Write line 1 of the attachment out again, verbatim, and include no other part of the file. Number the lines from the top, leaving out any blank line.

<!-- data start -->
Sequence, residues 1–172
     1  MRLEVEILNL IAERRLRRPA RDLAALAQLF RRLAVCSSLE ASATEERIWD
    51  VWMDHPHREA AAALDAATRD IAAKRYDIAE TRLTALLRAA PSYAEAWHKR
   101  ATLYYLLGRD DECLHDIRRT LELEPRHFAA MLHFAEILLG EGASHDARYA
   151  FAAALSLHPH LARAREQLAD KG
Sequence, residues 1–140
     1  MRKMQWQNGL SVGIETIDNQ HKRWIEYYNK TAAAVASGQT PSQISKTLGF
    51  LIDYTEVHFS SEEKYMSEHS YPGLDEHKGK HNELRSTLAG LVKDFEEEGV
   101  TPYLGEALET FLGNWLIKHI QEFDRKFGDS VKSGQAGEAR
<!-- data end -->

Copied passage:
Sequence, residues 1–172